Elisabeth Strayer, World Literature and Questions of Scale in Victorian Studies
In his compelling essay “A View on the Unification of Literature” (1922), Zheng Zhenduo critiques the division of literary studies into linguistic and national categories. “We know that we should unify time, place, people and genre to pursue a thorough and encompassing study of philosophy. It is the same with regard to history, art, biology, sociology, and economics,” writes Zheng. “Why then should literature alone be an exception? Why are there only specific studies of authors, times, places, and genres, but no universal and unified study?” (60). Nearly a century later, the tendency to classify lingers; English departments remain largely separated from comparative literature, medieval studies, Romance languages, and their other academic siblings. Though interdisciplinary projects have begun to flourish (particularly in fields such as digital humanities), Zheng’s call to break down departmental walls has yet to see fruition on a grand, institutional level.
Similar concerns saturate the special issue of boundary2 online, as members of V21 express an urgent need to uncouple Victorian studies from traditionally rigid spatial and temporal boundaries. The essays under the heading “The Way We Write Now” invent “deliberately strange and experimental chronologies” (“Historicism: From the Break to the Loop”), from Ellis Hanson’s “kink temporality” (“Kink in Time”) to Anna Kornbluh’s repetition of “thought across context” (“History Repeating”). The “Empire and Unfielding” section takes up geographical subjects, valorizing innovative studies of space that destabilize colonialist viewpoints; Sebastian Lecourt, for instance, praises the work that Caroline Levine and Priya Joshi have done to “reimagine the term Victorian, not as a national or period marker, but instead as the name of a transnational media network” (“The Light of Asia and the Varieties of Victorian Presentism”), while Tanya Agathocleous traces Jyotirao Phule’s 1873 pamphlet “Slavery” as it moves between languages, nations, and centuries (“Jyotirao Phule’s ‘Slavery’”).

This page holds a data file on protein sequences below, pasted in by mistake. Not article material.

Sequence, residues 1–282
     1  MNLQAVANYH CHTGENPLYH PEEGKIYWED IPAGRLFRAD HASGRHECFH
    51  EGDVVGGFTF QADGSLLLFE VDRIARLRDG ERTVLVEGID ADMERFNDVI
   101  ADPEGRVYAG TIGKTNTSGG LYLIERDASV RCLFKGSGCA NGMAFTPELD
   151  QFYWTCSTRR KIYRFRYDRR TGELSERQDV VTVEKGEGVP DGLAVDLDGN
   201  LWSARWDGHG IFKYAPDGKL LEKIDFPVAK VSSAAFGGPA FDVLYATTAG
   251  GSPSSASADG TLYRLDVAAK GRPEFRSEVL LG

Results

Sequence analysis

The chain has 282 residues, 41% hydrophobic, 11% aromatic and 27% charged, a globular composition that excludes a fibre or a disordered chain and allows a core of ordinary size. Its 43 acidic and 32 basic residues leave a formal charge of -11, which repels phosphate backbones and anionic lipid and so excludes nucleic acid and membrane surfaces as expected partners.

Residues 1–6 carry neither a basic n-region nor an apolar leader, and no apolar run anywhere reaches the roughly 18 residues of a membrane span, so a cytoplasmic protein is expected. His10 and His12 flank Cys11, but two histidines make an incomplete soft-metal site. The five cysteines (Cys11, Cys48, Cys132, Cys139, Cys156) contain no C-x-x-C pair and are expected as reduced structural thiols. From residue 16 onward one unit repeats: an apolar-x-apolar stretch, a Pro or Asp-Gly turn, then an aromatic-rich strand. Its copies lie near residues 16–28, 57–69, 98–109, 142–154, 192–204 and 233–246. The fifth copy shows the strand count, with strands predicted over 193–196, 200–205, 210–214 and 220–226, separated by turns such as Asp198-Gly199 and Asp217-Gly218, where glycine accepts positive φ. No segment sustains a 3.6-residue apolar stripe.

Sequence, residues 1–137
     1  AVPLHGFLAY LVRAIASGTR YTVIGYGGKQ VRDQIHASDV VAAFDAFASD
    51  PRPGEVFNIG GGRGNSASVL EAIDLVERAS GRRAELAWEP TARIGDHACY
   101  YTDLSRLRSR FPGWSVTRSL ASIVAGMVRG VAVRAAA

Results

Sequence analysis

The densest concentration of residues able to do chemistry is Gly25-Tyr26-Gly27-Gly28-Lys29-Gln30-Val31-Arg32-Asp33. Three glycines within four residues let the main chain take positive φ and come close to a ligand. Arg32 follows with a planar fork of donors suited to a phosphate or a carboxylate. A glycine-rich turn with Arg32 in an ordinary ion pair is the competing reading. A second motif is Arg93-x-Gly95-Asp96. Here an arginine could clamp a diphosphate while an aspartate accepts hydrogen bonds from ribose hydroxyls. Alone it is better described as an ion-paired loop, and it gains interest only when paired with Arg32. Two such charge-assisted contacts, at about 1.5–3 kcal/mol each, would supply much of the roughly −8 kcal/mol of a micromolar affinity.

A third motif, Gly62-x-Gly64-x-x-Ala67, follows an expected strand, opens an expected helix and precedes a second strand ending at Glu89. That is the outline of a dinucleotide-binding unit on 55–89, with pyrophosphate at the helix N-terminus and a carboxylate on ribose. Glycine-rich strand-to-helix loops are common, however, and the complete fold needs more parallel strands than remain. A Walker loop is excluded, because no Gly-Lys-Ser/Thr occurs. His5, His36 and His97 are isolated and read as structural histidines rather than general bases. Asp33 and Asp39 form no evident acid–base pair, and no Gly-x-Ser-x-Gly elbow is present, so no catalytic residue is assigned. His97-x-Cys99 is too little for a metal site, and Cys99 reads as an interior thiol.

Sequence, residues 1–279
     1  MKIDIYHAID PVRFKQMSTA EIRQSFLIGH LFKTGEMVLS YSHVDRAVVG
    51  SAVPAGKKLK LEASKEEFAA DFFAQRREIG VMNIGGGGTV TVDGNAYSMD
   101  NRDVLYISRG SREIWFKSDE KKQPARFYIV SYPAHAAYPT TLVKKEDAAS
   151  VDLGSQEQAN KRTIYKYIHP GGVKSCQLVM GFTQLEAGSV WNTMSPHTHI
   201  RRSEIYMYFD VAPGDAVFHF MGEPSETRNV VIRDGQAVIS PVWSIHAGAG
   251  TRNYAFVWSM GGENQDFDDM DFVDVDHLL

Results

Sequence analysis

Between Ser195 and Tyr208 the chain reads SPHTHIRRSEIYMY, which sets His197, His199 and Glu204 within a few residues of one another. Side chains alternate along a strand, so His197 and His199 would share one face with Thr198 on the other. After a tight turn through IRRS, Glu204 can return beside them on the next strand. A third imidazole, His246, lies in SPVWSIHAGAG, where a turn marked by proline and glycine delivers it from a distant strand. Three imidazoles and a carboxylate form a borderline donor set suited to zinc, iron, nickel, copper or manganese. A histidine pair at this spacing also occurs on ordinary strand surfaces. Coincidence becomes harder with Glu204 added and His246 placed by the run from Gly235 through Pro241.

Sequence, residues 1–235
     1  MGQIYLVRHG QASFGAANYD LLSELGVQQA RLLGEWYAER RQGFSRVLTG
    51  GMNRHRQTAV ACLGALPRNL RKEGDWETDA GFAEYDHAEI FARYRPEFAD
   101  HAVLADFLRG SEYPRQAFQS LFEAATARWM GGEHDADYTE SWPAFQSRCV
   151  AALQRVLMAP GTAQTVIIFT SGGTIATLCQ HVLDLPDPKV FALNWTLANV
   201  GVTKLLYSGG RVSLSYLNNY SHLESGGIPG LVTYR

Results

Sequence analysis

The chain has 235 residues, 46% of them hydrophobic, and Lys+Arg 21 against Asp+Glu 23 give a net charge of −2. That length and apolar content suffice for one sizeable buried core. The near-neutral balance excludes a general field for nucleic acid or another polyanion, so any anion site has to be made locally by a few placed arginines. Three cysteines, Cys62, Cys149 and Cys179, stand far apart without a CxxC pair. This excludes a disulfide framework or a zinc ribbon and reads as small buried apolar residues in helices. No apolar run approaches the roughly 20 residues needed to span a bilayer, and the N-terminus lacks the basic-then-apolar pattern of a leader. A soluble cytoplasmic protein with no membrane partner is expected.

These conversations about Victorian studies slide fluidly into current world literature debates. Agathocleous’s methodology, in particular, brings to mind David Damrosch’s definition of world literature as “a mode of circulation and of reading” (World Literature 5). In his work on the Epic of Gilgamesh, Damrosch illustrates his theory by uncovering “the chain of significations that circulates from Babylon up into Assyria and that from there gets recovered in the Victorian era” (“Comparative Literature” 474). Gilgamesh likewise holds a fascination for Wai Chee Dimock, as she traces the “epic surface” through The Divine Comedy and Henry James alike (80). For Damrosch and Dimock, a single circulating text divulges a story of literary afterlives, of loss and rediscovery, of nonlinear and achronological “twists,” “turns,” and “coils” that evoke the alternative chronologies proposed within the essays of “The Way We Write Now” (Dimock 80).